Spoke,Loop & Slack Position

SLS- What does it mean for your roping success??

First let me start by saying we are going to expand on this over time and it is fully discussed in our training video that is in production. To start out I am going to use the example of sighting in a gun. I hope that most of us good, love for our country, fellow man, and God ,cowboys/girls, have been taught to sight one in. If not, you will learn a couple lessons here we hope. Let us start by getting a couple things leveled out, as what we will be discussing latter is highly debated, opinionated, and theorized on. When sighting in a gun: You will NOT get good groupings with different weight bullets, powder amounts, and distances. To obtain good grouping you must match all rounds. Exact same powder measurement and bullet weight and shoot from same distance. To Rope Consistently: You Must use the same loop size, Same spoke size, Same amount of Slack. You Must also rope from the same distance with this build. Both of these above can be varied and compensated for once you have a set criteria from which to work, or a base line. So as you can see, many similarities. However in whatever we do that we would expect similar results, it would seem common sense to start with the same ingredients. Cooking, Science, etc… Without getting into a whole lesson on how position, the effects, and how to adjust your set up accordingly. We will talk about that perfect heading position. 45 degrees off the steer at 6ft width and slightly back. The Free Throw of loops for the header, not rodeo runs, reaching etc. I will say this, if you cannot perfect this loop first, you will never be consistent with your winnings or growth as a roper. Let’s breakdown the loop build. Remember that you will hear more opinions on “ spoke lengths “ than you can shake a stick at. Recently I watched a video on spoke lengths on the heel side that mainly was just a bunch of mumbo jumbo. Let me ask this? If a person can confuse you enough,,,they must know what they are talking about right???? HECK NO! We will use mathematics and science to break things down into a repeatable result for you here at RopeSmart. The Acronym we use in our Schools is, SLS . We teach this and it is key to remember and check your SLS every run. We find the initial change in SLS can feel funny, but after 20 loops, a person cannot usually remember how they used to build their SLS. So with no further ado, SLS stands for: S- Spoke measurement is always first. Spoke controls the coverage of the right horn, and how fast a loop opens. This is the distance between the hondo/knot and the hand on the rope. L- Loop size. Achieve the same loop build every time. The loop needs to be large enough to catch all normal horn sizes. S- Slack. The amount of rope between your hands before you start your swing and what you have left after feeding. Controls the distance the loop flies before the spoke kicks and loop opens. Thus once you perfect on distance, you can start to perfect dropping coils to accommodate for longer reaches.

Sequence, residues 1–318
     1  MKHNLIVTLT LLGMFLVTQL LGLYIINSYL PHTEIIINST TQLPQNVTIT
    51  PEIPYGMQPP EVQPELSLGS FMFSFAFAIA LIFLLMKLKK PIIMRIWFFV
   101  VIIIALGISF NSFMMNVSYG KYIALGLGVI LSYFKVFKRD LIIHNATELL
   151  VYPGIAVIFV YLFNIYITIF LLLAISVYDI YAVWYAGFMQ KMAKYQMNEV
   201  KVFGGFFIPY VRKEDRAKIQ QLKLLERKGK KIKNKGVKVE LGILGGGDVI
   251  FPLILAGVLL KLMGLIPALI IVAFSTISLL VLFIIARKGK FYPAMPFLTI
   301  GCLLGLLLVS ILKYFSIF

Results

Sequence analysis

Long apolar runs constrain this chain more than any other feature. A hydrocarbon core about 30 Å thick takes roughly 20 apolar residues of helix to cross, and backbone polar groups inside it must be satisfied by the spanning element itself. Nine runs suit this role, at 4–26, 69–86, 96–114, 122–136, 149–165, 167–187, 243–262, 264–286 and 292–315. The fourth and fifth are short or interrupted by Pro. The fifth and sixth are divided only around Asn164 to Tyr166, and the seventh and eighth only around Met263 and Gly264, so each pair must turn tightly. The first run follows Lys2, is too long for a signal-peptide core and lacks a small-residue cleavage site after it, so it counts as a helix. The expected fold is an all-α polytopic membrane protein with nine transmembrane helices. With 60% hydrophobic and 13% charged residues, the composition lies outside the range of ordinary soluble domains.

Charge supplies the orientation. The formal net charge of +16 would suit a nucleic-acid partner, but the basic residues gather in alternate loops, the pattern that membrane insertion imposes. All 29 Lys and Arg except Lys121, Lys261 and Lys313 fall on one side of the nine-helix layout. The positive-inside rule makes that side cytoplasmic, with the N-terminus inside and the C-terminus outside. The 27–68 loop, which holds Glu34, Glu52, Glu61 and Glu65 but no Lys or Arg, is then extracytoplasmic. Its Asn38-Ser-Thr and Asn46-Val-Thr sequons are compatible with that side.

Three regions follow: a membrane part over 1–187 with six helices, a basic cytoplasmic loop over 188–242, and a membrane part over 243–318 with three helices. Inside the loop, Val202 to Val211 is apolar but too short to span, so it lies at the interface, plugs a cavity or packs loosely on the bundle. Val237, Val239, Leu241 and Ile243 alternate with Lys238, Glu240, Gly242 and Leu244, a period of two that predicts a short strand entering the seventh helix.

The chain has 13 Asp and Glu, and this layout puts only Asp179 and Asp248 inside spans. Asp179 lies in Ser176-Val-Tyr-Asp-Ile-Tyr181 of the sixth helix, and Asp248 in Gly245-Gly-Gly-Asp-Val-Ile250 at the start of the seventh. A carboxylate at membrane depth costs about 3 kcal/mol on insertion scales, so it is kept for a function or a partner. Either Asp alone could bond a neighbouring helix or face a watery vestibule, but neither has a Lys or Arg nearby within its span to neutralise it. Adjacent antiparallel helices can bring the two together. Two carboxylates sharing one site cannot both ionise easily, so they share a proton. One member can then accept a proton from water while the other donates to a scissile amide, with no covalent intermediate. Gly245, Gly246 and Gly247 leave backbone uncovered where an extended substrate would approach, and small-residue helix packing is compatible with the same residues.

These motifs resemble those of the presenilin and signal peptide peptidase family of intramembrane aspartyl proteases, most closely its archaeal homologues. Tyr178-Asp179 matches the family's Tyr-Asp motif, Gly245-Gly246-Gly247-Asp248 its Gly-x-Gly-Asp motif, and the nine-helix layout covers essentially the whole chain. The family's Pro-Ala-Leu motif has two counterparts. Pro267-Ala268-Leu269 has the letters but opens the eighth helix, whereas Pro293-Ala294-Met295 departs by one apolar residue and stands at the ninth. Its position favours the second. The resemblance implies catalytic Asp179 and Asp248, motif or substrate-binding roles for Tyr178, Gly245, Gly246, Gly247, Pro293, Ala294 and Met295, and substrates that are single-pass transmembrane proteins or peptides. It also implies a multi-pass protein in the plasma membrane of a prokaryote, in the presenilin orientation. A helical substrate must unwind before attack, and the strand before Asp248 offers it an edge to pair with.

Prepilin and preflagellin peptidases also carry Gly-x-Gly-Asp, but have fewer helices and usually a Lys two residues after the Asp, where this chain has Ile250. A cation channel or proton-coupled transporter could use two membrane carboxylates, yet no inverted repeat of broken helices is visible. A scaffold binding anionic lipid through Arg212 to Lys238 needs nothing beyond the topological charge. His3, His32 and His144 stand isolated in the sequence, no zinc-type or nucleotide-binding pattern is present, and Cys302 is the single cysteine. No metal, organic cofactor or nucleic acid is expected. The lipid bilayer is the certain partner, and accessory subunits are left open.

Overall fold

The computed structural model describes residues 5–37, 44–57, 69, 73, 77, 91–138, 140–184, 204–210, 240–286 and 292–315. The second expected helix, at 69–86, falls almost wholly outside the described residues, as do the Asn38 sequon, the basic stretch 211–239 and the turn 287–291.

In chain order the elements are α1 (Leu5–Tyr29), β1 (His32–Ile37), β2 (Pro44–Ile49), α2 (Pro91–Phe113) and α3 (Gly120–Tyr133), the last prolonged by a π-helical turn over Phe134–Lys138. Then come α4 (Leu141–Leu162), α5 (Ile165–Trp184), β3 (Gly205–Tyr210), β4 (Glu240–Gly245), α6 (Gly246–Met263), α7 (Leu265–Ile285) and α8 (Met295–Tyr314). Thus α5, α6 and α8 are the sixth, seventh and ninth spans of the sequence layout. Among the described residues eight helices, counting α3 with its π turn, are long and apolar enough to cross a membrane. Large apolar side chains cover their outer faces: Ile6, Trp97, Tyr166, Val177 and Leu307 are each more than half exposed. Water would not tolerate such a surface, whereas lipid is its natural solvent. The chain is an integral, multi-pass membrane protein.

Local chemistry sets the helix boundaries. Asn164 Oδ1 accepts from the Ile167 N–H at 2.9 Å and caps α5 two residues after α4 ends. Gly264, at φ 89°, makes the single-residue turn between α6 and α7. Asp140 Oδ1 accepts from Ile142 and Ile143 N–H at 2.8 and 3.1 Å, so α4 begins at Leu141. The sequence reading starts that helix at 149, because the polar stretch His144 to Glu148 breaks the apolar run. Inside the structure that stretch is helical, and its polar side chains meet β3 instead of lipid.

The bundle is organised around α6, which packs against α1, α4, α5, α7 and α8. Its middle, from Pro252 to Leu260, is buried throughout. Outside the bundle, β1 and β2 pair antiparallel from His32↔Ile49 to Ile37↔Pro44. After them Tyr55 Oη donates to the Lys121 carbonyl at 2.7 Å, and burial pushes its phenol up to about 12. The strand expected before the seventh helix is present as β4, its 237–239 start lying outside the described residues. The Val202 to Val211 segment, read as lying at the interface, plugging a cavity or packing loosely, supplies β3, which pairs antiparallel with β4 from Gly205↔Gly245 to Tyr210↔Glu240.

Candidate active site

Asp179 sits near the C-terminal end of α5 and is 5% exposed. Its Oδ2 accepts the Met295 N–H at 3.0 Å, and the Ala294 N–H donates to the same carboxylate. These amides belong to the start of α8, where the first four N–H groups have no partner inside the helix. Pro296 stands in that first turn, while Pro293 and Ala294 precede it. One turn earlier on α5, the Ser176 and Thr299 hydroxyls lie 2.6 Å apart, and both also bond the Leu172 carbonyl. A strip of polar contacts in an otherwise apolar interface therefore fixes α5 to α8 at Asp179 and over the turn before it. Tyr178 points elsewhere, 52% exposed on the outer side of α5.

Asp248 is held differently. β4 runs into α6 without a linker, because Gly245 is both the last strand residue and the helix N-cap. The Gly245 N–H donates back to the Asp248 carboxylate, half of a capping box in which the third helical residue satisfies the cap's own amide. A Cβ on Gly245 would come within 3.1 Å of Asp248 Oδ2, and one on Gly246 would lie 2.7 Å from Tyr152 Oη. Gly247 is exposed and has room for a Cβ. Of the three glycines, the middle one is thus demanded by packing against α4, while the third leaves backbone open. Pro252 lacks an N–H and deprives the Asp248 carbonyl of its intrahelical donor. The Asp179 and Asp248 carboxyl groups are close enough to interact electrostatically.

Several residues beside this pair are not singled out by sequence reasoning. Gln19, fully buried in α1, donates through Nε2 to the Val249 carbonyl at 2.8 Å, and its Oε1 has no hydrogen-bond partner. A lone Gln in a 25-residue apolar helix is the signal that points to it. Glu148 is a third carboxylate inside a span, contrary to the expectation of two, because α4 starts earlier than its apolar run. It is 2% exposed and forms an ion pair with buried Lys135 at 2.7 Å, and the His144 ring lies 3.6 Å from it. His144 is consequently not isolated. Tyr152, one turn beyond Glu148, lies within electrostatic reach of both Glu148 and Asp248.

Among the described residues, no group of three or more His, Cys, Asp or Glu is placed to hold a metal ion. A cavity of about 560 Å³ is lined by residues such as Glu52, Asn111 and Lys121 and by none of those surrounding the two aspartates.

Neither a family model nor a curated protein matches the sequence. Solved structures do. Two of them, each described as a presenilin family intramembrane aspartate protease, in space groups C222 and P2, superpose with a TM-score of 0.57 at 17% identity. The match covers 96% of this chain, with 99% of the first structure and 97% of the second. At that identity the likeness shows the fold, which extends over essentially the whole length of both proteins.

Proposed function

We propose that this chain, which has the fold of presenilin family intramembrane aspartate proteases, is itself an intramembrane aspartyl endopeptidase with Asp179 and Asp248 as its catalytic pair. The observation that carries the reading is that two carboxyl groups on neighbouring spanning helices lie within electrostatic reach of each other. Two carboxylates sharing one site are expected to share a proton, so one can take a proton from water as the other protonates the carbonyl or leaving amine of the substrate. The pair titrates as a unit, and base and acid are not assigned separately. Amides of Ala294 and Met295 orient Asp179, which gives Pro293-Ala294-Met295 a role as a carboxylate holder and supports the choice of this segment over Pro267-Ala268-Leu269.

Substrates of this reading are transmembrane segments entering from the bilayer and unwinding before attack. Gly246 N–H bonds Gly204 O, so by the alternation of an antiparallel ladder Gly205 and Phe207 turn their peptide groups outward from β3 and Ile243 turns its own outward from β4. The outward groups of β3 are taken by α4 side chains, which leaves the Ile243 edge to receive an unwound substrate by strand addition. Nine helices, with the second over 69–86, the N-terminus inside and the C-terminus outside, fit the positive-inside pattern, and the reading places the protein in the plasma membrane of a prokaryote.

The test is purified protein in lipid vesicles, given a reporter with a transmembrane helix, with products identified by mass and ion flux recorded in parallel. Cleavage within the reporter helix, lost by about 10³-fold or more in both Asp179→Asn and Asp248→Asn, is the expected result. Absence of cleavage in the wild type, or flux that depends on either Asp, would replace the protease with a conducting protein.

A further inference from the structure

For starters we use the following measurements. You will want to take your rope apart, lay it out one straight piece, and measure back from the knot. Then wrap that spot with 2 to 3 layers of electrical tape. You can also try to mark with a permanent marker. From the knot measure 27 inches and mark it. Then from knot 140 inches and mark it, and finally 197 inches. Put your rope back together now. Build your loop up and match the first two pieces of tape in your right hand at the thumb. This will set your spoke and loop size. Next put the last mark at your left thumb. This will set your slack. This is for a roper that is feeding their rope. If you’re not feeding the rope yet feel free to contact us for the correct measurements. Know when you approach your dummy and rebuild your loop for the first time, remember change your position to the dummy not your build. We want to know that sweet spot, perfect it, and replicate it on horseback. On the RopeSmart ground dummy, the Smart ONE, you stand behind the dummy, take one big step back the side step until you can align the pole to the base of the right horn. This will put you at the sweet spot. On horseback using the SWITCH sled trainer, you can position yourself according to the arrows on the back. Now you should have a good base to start from. Perfect your SLS every time and be a more consistent and successful roper. Feel free to contact us with questions or suggestions for future newsletter tips. If you would like to set up a RopeSmart roping school email us at support@ropesmart.com

 

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